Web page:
Tuesday, January 31, 2017

Catching Up on Lost Reading: Rowdies/Rays, Stadium Subsidies, and More

So much good sports business reading...so little time.

Here are a few good links I've come across in recent weeks worth some attention:
  1. Tampa Bay Times: St. Pete may have to choose between Rays and Rowdies - I couldn't agree more, even if Bill Edwards decides to foot the entire $80 million stadium bill and $150 million MLS expansion fee himself.  As I've written before, there's just not enough disposable income and population to support another major pro team in Tampa Bay, let alone St. Pete.
  2. Fangraphs: Relocation less common in MLB than other leagues - Past performance isn't an indicator of future performance...except when it gives a glimpse into MLB's hesitance to move franchises around, despite its proclivity to threaten to do so.
  3. Bloomberg: Brooklyn is dumping the Islanders - Apparently, the Barclays Center is realizing it was losing money on hockey and despite an "ironclad lease," the Islanders could be homeless by 2018.
  4. Tampa Bay Times op-eds: the case for and the case against public spending on sports stadiums.
  5. Bloomberg also chimed in on the case for spending money on pro stadiums.
  6. Joe Henderson: Build your own damn stadium, ballpark, or arena - Good questions why struggling municipalities continue to be expected to pay for billionaires' businesses.

FOLLOW: Shadow of the Stadium on Twitter
FOLLOW: Shadow of the Stadium on Facebook

Tuesday, January 24, 2017

Poor Braves Will Have to Buy Their Own Furniture...But Won't Release Documents That Would Prove It

So the Braves finally found a county (on their fifth try) to build them a spring training park...
The plan is to get the county, state, city of North Port, and a private developer to split the cost four-ways.  That's correct, only four ways:
The best part of the day was the Braves suggesting that taking the burden of furniture and equipment (you know, like baseballs) off the taxpayers' shoulders counts as "paying their fair share."

But the second-best part of the day came after I do what I do...and requested documents.

See, the Braves and Sarasota County are suggesting they're exempt from certain Florida public record laws because of trade secrets...one of the same exemptions used by rapper Pitbull and public agency Visit Florida to deny our 2015 public records request into the artist’s taxpayer-funded tourism contract. That story ultimately cost three of the agency’s top executives their jobs.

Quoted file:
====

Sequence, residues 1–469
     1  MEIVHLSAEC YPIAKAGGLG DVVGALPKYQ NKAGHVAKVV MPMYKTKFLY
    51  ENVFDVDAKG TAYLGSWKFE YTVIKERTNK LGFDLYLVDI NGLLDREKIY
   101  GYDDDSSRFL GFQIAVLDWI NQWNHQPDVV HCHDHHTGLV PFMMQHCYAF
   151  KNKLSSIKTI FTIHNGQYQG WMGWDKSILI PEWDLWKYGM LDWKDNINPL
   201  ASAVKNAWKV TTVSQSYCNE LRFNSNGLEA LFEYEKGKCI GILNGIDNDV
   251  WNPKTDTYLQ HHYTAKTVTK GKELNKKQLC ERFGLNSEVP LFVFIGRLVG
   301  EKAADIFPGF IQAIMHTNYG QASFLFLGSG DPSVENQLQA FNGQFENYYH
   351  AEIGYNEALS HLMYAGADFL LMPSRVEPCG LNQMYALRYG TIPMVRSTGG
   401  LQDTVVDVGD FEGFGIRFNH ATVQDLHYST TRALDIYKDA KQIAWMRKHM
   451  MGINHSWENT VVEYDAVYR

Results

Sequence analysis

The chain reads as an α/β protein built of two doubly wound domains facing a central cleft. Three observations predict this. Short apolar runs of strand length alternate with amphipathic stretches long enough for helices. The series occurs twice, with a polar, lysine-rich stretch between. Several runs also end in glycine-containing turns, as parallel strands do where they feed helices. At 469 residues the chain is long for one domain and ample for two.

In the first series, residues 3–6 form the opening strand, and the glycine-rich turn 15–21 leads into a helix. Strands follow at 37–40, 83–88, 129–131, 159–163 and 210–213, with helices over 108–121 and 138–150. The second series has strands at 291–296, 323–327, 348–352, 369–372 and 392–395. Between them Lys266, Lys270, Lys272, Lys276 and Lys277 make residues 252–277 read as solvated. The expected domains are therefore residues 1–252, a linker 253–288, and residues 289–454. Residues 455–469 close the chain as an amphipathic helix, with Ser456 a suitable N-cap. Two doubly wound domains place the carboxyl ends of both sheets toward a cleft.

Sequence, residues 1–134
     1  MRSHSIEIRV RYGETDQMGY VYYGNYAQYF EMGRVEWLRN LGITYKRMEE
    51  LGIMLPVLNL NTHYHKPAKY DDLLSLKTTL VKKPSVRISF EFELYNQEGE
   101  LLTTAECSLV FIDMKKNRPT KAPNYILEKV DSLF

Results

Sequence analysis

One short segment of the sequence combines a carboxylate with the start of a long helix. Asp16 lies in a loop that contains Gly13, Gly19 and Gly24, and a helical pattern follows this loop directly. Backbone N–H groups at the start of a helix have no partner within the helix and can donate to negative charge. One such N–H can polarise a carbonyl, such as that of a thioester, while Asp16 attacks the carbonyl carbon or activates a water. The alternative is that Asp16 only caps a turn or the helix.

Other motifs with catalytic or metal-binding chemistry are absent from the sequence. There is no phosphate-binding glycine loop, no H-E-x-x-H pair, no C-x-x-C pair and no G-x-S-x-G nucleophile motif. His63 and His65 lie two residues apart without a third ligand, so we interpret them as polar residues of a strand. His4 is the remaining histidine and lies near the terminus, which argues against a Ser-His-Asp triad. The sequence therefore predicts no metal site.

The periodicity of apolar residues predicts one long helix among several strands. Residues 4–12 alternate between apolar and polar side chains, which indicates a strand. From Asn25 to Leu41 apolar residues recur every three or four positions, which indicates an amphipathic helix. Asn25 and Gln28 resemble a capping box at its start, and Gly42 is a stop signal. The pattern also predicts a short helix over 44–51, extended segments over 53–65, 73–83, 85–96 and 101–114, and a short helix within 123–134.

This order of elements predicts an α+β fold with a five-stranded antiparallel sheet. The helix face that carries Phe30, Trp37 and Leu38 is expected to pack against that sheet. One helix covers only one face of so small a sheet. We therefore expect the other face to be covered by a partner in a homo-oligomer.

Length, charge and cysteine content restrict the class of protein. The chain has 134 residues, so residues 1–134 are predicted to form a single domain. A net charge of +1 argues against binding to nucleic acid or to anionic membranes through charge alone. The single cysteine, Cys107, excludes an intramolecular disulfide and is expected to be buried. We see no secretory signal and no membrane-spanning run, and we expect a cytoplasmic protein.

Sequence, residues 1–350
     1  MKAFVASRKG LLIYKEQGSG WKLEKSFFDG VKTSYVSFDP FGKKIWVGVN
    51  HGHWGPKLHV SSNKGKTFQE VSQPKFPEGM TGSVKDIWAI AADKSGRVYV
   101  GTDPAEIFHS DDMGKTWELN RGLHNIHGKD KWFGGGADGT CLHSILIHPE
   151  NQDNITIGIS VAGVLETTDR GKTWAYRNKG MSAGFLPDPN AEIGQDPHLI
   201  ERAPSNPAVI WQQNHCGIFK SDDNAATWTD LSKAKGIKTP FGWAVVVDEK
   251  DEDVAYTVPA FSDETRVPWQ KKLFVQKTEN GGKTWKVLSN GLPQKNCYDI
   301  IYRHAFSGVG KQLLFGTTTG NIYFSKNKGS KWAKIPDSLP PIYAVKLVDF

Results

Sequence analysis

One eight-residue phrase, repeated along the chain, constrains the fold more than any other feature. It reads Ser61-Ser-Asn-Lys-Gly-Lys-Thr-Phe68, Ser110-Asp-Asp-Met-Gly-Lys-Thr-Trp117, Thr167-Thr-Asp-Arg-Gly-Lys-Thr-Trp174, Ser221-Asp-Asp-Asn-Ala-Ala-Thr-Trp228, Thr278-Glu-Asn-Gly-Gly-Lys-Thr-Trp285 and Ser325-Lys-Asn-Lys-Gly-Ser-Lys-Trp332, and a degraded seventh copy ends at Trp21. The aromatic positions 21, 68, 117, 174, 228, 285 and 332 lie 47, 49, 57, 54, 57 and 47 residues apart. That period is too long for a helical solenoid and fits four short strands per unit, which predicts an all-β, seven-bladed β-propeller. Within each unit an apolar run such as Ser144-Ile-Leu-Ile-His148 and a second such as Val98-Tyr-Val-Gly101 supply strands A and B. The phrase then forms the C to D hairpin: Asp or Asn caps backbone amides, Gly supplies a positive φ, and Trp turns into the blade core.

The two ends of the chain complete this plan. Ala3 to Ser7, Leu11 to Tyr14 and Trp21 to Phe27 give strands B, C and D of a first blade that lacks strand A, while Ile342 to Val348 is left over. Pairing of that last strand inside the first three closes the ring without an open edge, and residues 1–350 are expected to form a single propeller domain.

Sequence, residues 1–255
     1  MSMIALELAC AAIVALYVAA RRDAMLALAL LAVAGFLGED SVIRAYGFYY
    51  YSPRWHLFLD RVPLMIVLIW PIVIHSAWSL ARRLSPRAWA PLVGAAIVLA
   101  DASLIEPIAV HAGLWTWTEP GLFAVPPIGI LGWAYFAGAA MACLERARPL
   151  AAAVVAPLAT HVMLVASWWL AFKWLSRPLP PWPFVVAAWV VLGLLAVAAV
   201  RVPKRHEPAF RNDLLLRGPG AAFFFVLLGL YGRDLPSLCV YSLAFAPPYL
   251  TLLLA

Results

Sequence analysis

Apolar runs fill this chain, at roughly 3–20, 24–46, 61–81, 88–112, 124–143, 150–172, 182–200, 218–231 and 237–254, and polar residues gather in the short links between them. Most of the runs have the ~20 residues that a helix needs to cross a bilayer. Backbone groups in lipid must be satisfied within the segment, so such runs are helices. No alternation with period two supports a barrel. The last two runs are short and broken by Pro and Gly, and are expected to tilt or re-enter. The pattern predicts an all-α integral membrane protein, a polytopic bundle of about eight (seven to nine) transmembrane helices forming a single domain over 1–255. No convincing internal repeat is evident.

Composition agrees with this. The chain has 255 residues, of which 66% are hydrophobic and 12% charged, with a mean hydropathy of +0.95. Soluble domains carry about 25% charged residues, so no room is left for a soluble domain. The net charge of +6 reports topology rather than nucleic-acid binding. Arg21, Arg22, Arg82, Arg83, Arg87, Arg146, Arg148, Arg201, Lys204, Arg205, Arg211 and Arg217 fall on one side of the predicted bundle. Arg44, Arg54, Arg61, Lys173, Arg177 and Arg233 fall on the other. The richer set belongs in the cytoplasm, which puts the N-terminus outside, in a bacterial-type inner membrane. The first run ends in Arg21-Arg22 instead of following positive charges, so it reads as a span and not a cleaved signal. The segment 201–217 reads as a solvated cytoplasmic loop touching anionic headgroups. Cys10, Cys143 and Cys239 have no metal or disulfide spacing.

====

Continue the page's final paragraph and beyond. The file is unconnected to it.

Officially, county spokesperson Jason Bartolone responded that the Braves “have asserted confidentiality rights” under Florida State Statute 288.075, which aims to protect proprietary business information and trade secrets in public-private economic development deals.

Of course, it doesn't do a great job always protecting the taxpayer....who could use a little help after we showed how Sarasota County failed to get all of the Baltimore Orioles' 2009 spring training promises in writing, ultimately resulting in the failure to ever get that promised economy-driving Cal Ripken youth academy built.

I have some questions if the Braves are really allowed to use this exemption...read more about it here on WTSP.com.

FOLLOW: Shadow of the Stadium on Twitter
FOLLOW: Shadow of the Stadium on Facebook

Friday, January 13, 2017

Hillsborough County Can't Stop Negotiating Against Itself Over Rays

Earlier this week, I reported how "Pinellas and Hillsborough leaders were doing everything possible to create a Rays bidding war." But there were a few interesting nuggets in that story worth even further discussion.

In addition to failing to communicate with his counterparts across the bay, Hillsborough Commissioner Ken Hagan continued to play into the Rays' hand by throwing out an artificially-high estimates for the cost of a stadium ($550-$700 million), getting the sticker shock out of the way now so when the number comes down to, say, $500 million, later...officials may actually suggest it's a better deal than they had anticipated.

But there's no way the Rays are actually eyeing a $550-$700 million stadium in a region that's been subsidy-adverse. Hagan said the team may choose to go without an upper deck and retractable roof (they will), bringing the cost down.